Weekly Cyber Tips

Email security is a term for describing different procedures and techniques for protecting email accounts, content, and communication against unauthorized access, loss or compromise. Emails are often used to spread malware, spam and phishing attacks. Attackers use deceptive messages to entice recipients to part with sensitive information, open attachments or click on hyperlinks that install malware on the victim’s device.

Email platform is also a common entry point for attackers looking to gain a foothold in an enterprise network and obtain valuable company data.

Don’ts for Email Security

  • Never use company/corporate emails for personal preferences

    Employees should avoid making use of company emails to register for personal hobbies, preferences and habits such as ecommerce and entertainment sites. These sites are prone to breaches and attackers regularly scan these sites for email addresses.

    An attacker with your corporate email can send fake messages impersonating you and even gain access to the organization’s internal network through your email as a pivot point.

  • Never click the “unsubscribe” link in spam emails

    If a spam email does end up your inbox, and you open up the message, the last thing you want to do is click the unsubscribe link. You might think it’s sensible to prevent further emails from the messenger, but that’s not the case. Hackers will place them in emails in an attempt to trick you. Delete the emails or mark as spam.

  • Never access emails from public WiFi

    Avoid checking your email when you’re on public WiFi, such as when you’re at a coffee shop, airport, or city park. It can be tempting to want to be connected everywhere you go, but unfortunately, public WiFi can be extremely insecure.

    Hackers use programs called “network sniffers” that monitor all of the wireless data flowing through a specific network, and then analyze that data for personal and important information. For example, your private information such as your username and password.

  • Never open unexpected attachments or links

    Sometimes you’ll receive phishing emails that contain file attachments. If an unknown source specifically tells you to open a file attachment, you can likely bet that there is something malicious going on.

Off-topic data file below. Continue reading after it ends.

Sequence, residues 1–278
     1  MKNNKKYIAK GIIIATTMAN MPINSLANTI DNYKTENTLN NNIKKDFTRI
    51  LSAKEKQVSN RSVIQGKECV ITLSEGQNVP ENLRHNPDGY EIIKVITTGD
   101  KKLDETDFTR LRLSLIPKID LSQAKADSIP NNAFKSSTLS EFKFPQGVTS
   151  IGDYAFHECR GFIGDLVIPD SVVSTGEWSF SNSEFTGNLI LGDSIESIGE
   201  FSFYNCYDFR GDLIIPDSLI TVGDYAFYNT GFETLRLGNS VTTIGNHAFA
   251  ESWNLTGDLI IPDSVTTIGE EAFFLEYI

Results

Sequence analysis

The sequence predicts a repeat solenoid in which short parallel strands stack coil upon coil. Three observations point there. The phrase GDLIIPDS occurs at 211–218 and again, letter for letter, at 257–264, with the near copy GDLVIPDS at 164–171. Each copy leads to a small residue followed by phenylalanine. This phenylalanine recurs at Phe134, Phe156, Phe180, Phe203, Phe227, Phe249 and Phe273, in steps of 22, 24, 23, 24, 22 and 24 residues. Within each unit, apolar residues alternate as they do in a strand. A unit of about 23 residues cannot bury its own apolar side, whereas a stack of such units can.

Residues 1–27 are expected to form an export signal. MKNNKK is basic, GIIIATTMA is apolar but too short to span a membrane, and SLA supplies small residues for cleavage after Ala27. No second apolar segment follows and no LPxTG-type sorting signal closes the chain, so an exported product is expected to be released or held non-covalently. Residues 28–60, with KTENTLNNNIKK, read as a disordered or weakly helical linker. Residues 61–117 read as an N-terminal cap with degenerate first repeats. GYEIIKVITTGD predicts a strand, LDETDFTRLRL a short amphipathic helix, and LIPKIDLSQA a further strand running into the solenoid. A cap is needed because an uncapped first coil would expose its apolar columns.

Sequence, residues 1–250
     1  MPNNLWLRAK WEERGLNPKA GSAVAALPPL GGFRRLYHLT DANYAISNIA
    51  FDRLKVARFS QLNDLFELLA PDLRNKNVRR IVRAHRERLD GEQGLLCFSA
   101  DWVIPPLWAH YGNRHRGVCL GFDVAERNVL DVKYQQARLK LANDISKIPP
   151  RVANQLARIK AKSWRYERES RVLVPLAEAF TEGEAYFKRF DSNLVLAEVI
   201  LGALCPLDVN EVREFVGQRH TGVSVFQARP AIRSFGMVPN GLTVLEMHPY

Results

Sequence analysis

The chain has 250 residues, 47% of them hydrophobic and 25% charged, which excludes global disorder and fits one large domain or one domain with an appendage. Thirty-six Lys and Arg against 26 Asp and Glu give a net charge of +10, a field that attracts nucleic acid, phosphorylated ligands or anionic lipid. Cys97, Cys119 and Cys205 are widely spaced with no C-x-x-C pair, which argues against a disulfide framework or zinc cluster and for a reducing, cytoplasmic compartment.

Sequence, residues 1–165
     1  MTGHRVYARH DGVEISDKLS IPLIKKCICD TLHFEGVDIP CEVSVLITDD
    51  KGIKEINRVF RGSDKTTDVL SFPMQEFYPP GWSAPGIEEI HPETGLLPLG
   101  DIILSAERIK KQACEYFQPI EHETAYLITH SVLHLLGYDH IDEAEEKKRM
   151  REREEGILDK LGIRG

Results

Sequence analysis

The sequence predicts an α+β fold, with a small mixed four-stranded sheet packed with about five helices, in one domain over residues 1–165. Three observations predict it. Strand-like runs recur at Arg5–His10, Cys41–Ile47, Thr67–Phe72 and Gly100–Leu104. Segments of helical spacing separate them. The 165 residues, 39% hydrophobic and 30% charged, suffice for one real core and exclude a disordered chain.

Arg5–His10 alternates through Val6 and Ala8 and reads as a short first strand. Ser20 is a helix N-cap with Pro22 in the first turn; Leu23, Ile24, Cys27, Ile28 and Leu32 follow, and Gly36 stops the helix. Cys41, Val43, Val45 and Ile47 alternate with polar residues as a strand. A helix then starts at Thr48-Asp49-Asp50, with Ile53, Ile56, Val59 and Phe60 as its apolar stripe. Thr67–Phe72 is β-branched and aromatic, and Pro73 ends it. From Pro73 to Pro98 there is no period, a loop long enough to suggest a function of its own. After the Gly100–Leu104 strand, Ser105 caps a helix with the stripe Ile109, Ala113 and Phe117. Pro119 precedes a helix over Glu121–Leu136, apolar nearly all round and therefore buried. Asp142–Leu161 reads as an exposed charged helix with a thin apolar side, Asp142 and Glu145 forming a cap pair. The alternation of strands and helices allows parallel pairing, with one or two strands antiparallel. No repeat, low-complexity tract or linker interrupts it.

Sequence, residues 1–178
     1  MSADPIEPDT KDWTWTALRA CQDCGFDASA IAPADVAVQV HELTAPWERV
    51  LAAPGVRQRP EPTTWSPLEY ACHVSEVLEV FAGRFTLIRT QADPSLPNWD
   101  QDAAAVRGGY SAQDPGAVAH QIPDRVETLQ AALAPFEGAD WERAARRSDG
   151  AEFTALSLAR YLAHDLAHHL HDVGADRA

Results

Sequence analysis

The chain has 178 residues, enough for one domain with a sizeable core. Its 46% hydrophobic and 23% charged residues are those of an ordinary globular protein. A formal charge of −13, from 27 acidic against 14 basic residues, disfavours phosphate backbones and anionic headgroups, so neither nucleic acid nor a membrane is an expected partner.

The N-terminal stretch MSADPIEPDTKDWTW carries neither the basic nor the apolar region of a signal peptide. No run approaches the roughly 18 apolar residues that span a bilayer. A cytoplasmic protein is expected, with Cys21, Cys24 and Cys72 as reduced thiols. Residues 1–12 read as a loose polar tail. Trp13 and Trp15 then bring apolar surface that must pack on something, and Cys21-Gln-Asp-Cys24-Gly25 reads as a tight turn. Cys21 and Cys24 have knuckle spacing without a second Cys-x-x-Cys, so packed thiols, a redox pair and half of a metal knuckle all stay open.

Of course, you might come across some emails from a sender you don’t know personally that might be genuine. Always exercise caution.

  • Never share your password, even with co-workers and managers

    It is individual and ensures that only you are responsible for your actions(accountability).

How to secure your emails

  • Use strong passwords that are unique and have password complexity

    A secure password is practically impossible to guess without previous insight. Hackers use specific password-guessing software that runs through millions of combinations – the more complex the password, the more time it takes for the software to decode it.

  • Change Email password often

    Regularly change email passwords (every 90days) but if you suspect a breach change immediately and contact Manitoulin group of companies IT team.

  • Use two-tier authentication(2FA)

    This is a surefire way to add an extra layer of security to your inbox. Major email clients have the 2FA option built-in, so you can easily enable it. It makes hacking much more difficult for cybercriminals as even if a hacker manages to retrieve the password to your account, 2FA will block them by requiring a code texted to your phone.(Contact Manitoulin IT department to help in activating 2FA for your email).

  • Watch out for phishing emails

    Its important to keep your eyes peeled for suspicious messages. Phishing is a common method used by hackers to take advantage of a recipient. These emails can goad recipients into sending the hacker money or their personal information.

    Learn how to recognize phishing: – Messages that contain threats to shut your account down
    – Requests for personal information such as passwords or Social Security numbers
    – Words like “Urgent” – false sense of urgency
    – Forged email addresses
    – Poor writing or bad grammar

  • Use anti-virus software on your local machine, and make sure it’s kept up-to-date with the latest virus definitions

If you suspect your email has been breached or needs more security kindly contact Manitoulin group of companies IT Team via the IT portal

Olalomi Safiu
Cybersecurity Analyst
Manitoulin Group of Companies
M 416-660-1407
Manitoulin Group of Companies